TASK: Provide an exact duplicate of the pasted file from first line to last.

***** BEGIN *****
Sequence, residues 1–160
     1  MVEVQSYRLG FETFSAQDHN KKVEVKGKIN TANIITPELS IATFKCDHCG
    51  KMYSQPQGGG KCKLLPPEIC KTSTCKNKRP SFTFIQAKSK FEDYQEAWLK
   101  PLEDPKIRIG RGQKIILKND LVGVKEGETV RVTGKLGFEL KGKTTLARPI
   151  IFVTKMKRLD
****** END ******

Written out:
Sequence, residues 1–160
     1  MVEVQSYRLG FETFSAQDHN KKVEVKGKIN TANIITPELS IATFKCDHCG
    51  KMYSQPQGGG KCKLLPPEIC KTSTCKNKRP SFTFIQAKSK FEDYQEAWLK
   101  PLEDPKIRIG RGQKIILKND LVGVKEGETV RVTGKLGFEL KGKTTLARPI
   151  IFVTKMKRLD